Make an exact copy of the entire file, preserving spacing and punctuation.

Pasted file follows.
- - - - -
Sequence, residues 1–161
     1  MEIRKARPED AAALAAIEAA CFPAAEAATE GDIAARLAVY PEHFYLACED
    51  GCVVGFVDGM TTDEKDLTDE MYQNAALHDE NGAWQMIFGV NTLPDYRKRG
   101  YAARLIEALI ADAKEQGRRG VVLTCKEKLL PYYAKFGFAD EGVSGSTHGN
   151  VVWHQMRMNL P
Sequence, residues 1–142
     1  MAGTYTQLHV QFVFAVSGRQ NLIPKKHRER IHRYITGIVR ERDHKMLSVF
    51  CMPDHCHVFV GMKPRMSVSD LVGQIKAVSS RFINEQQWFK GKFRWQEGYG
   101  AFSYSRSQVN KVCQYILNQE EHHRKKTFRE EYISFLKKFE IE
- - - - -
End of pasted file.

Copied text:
Sequence, residues 1–161
     1  MEIRKARPED AAALAAIEAA CFPAAEAATE GDIAARLAVY PEHFYLACED
    51  GCVVGFVDGM TTDEKDLTDE MYQNAALHDE NGAWQMIFGV NTLPDYRKRG
   101  YAARLIEALI ADAKEQGRRG VVLTCKEKLL PYYAKFGFAD EGVSGSTHGN
   151  VVWHQMRMNL P
Sequence, residues 1–142
     1  MAGTYTQLHV QFVFAVSGRQ NLIPKKHRER IHRYITGIVR ERDHKMLSVF
    51  CMPDHCHVFV GMKPRMSVSD LVGQIKAVSS RFINEQQWFK GKFRWQEGYG
   101  AFSYSRSQVN KVCQYILNQE EHHRKKTFRE EYISFLKKFE IE